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Four Overland Park cops on leave due to investigation. How much did it cost?

The City of Overland Park has spent nearly $250,000 on the salaries of four officers who were placed on paid administrative leave more than nine months ago.

The sergeant. Timothy Tinnin, Sgt. Rachel Scattergood, Sgt. Brandon Faber and Officer Bradley Heater were discharged on May 6, according to records from the Kansas Commission on Peace Officers’ Standards and Training, the agency responsible for issuing and revoking police certifications.

The four have been on leave as the Johnson County District Attorney’s office investigates criminal charges involving a police non-profit organization of which three of them served as directors.

The investigation stems from the findings of an Overland Park Police Officers Foundation audit that was reported to members of the Fraternal Order of Police, union president Dianna Johnson said in a statement in May. On Thursday, you said all new business with the foundation remains on hold.

Scattergood and Faber’s names appear in recent years of tax filings for both the foundation and FOP. Tinnin’s name is listed in the foundation’s tax records. Heater’s name appears on tax filings for FOP.

The four officers earn between $73,831 and $84,738, according to Overland Park city records.

Overland Park spokeswoman Meg Ralph said the city has no control over the length of the investigation. But the city may place employees on paid leave at the discretion of the department or human resources director, according to city policy.

“Paid administrative leave is not a form of discipline; disciplinary action, if any, would occur upon conclusion of the criminal or internal investigation,” Ralph added.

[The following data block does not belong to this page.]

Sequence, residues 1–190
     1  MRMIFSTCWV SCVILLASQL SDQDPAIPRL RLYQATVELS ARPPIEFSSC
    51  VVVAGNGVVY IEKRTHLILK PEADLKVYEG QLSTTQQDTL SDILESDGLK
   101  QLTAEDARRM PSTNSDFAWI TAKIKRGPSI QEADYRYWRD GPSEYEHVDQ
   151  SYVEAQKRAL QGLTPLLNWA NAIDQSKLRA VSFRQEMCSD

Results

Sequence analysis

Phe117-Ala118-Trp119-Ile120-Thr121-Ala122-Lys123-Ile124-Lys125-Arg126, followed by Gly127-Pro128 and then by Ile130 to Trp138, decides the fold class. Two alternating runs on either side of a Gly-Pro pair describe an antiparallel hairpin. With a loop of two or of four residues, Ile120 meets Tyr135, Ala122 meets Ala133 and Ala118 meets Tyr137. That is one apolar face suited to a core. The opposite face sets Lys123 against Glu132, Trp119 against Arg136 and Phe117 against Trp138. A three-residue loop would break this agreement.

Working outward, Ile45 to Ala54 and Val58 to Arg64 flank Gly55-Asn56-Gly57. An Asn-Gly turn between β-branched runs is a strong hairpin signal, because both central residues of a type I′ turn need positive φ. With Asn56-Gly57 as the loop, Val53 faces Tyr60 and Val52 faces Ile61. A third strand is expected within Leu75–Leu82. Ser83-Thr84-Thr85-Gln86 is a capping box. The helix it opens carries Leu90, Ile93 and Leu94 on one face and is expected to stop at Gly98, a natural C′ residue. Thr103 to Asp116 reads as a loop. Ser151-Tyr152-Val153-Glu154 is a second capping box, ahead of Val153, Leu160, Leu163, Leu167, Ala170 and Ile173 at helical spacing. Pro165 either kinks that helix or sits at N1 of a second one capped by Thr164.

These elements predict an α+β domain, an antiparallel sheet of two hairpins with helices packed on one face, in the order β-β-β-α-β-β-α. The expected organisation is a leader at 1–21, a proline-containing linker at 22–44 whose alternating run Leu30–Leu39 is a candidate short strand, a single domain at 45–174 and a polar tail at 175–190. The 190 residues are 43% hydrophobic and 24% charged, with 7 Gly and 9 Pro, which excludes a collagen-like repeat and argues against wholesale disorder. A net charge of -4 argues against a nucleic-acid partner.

Lauren Bonds, executive director of the National Police Accountability Project, said it was common for taxpayers to subsidize paid leave when officers are under investigation for misconduct at work. But she said this case was different because the allegations arose from their work with the foundation.

“Maybe you can understand the argument that the public should pay for officers who are under investigation in the course of carrying out their work for the city,” Bonds said. “This argument is more difficult to make when the investigation involves private actions that were not in support of the police department’s primary mission. Taxpayers are right to worry about their dollars being used here.”

The Star reached out to the six council members who serve on Overland Park’s public safety committee. Councilor Faris Farassati said he had not been informed of the state of the investigation and therefore could not comment.

Councilor Melissa Cheatham forwarded the request for comment to City Manager Lori Luther, writing, “Please advise.” Luther responded by emailing governing body and Police Chief Frank Donchez directing media questions to her and Ralph, according to emails obtained through an open records request.

Melody Webb, a spokeswoman for the district attorney’s office, said Wednesday she was unable to comment. A message left at a phone number listed on the tax forms for the foundation has not been returned.

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